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Author Topic: Turkish Law for the prevention and control of damages done by tobacco products  (Read 6263 times)

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Turkish law to stub out smoking
Turkey is about to break with its smoky past and introduce a law that bans lighting up in public buildings and at work places and threatens offenders with fines of up to 250,000 lira (Dh727,000).

But the question is: will anyone take note?

The “law for the prevention and control of damages done by tobacco products”, which was passed by parliament in January and comes into force on May 19, bans smoking in public buildings and private companies as well as in facilities used for education, sport, social activities or cultural events. Public transport will also have to be smoke-free, the law said; even taxi drivers will have to stop smoking in their cars.

Open-air facilities, such as sport stadiums or concert arenas as well as old people’s homes and prisons, can designate smoking areas. Bars, restaurants and tea-houses have been granted a grace period but will have to be smoke-free by July 19 next year.

Many Turks will struggle with the new law. Roughly 23 million of the country’s 70 million are smokers, said Oguz Kilinc, a lung specialist at the Medical Faculty of the University of 9th September in the western Turkish city of Izmir, and a leading campaigner against smoking. “Fifty per cent of men and 30 per cent of women are smokers,” he said.

Compared with developed countries, the number of smokers in Turkey is high, Mr Kilinc said. “In America, the number of smokers has fallen by 30 per cent in 20 years. In Turkey, it has risen by 80 per cent.” About 100,000 people in the country die of smoking-related illnesses every year, he said.

“If the necessary precautions are not taken, this figure will rise to 250,000 in the next 20 years.”

Health warnings have so far failed to curb the Turkish passion for cigarettes. Kazim Caliskan, the head of the Regulatory Committee for the Tobacco, Tobacco Products and Alcoholic Beverages Market, told local media last month that Turks smoke about 15 million packets a day. Even 55 per cent of doctors and 60 per cent of teachers light up regularly, health officials said.

The new law will mark a change with the past, said Ubeyd Korbey, president of Warriors against Cigarettes, a pressure group that helped shape the new law.

“This is like a revolution,” Mr Korbey said. “I have been fighting 14 years for this.”

Mr Korbey estimated it will take about two years for the new law to be implemented everywhere in the country. “Right now, hardly anybody knows about it,” he said.

Mr Kilinc at University of 9th September also hailed the introduction of the law as the start of a new era. “It is the most important law for the health of our people,” he said.

Apart from forbidding smoking in public buildings all around the country, the new law also bans advertisement and promotion of cigarettes. It will become illegal to sell single cigarettes, a step that is aimed primarily at cigarette sales around schools.

People caught smoking in places where it is banned can be fined 50 lira, while littering streets with cigarette stubs or empty cigarette packets will result in a 20 lira fine. If cigarette companies give cigarettes away in promotion campaigns or sell cigarettes outside designated stores, they can be fined up to 250,000 lira.

Mr Korbey said the fines were tough by Turkish standards. “We know that there have been problems in enforcing laws” in other areas, he said. “That’s why the fines are so high.”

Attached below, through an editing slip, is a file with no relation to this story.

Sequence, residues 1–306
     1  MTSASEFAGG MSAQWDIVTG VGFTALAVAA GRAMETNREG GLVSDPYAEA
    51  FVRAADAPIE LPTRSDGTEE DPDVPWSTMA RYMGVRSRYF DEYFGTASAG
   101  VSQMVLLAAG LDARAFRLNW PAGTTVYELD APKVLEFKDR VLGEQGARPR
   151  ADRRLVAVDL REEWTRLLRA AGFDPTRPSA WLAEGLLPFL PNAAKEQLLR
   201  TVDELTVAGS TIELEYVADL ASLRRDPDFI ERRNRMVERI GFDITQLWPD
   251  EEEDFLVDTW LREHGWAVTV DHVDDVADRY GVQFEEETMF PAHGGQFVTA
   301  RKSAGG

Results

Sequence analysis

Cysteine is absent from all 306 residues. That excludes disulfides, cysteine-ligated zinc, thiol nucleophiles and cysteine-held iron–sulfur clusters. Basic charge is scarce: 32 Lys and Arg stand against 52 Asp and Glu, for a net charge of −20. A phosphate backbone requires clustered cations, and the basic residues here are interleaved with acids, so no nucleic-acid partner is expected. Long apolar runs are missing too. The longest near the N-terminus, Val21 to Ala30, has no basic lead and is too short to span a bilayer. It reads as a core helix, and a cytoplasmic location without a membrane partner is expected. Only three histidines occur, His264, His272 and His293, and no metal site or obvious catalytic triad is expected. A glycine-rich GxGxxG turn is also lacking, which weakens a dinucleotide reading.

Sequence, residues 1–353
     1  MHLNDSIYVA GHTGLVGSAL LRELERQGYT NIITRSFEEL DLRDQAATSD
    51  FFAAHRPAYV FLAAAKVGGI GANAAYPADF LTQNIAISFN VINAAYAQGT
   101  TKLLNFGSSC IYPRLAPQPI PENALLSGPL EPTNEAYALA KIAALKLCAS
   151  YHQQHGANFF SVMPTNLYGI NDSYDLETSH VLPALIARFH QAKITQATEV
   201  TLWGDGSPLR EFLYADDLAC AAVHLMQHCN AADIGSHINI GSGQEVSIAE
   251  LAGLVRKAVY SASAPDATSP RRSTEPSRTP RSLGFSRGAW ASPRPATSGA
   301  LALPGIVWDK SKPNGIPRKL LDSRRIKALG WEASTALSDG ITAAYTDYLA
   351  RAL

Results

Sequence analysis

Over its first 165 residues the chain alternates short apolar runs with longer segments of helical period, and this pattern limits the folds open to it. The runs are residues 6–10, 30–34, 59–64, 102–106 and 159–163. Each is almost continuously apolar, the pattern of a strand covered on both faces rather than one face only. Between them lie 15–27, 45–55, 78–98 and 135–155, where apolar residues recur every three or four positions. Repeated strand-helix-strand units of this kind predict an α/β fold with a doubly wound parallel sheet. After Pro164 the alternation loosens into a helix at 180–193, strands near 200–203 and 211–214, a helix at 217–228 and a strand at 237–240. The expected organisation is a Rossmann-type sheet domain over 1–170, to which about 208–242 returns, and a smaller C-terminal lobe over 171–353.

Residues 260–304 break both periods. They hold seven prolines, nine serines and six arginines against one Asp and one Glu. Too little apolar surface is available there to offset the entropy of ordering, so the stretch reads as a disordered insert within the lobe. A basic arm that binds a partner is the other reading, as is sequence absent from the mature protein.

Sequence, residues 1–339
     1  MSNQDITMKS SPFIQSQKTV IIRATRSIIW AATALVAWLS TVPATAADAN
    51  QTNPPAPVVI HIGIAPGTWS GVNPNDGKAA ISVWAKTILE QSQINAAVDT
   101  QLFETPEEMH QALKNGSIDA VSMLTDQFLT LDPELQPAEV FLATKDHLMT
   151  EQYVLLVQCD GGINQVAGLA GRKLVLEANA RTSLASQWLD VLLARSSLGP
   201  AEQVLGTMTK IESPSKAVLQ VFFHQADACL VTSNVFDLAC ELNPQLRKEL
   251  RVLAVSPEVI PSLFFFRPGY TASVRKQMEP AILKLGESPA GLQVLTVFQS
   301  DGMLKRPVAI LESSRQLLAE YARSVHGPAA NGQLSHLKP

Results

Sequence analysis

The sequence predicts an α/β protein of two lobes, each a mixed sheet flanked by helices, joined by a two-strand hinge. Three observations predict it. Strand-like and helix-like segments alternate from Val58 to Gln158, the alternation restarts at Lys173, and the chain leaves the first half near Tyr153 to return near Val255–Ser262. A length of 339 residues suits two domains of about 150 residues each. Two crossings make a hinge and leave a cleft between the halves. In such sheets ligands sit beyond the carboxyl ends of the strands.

Turkey will also underline its European ambition with the smoking ban, Mr Korbey said. “If we are to join the EU, we will have to introduce laws like that anyway,” he said.

Efforts to enforce the smoking ban in public buildings are expected to be supported by leaders of the government and the army. Abdullah Gul, the Turkish president, and Recep Tayyip Erdogan, the prime minister, are known to be strict non-smokers.

Mr Erdogan banned smoking in his office building as early as 2003 and told a meeting last year that “the fight against cigarettes is as important as the fight against terrorism”.

Gen Yasar Buyukanit, the army’s chief of staff and one of the most prominent smokers in Turkey, said he would heed the new regulations. In a much-publicised episode, Mr Buyukanit had to leave the British defence ministry building to have a puff during a visit to London in January.

Mr Buyukanit praised the British ban on smoking, and said: “One has to obey the rules. If we [in Turkey] introduce them, we will follow them in the same way. We will smoke outside.”

Signals like that will help society to accept the new law, campaigners said. “That is very, very important,” Mr Kilinc said.

Still, enforcing the cigarette ban will be difficult in a country where a recent survey by parliament revealed that even 15.6 per cent of secondary school pupils in grades six, seven and eight are smokers. Existing non-smoking rules, such as the ones on city buses, are often ignored. Even as parliament was passing the new law in January, some deputies were thinking about ways around the new regulations.

“We will adapt,” Deniz Bolukbasi, a leading member of the opposition Nationalist Movement Party, said at the time. “I’m not thinking of giving up smoking. I will find a way.”

But such supporters of the law as Mr Korbey said that smoking habits in Turkey have changed already and that the new law will help to change them further. “When I started to campaign [against smoking] in 1994, everybody said I was crazy,” Mr Korbey said. “Back then, people even smoked in hospitals and schools. That is no longer so.”

By: http://www.thenational.ae/article/20080513/FOREIGN/627317912/1013/NEWS&Profile=1013
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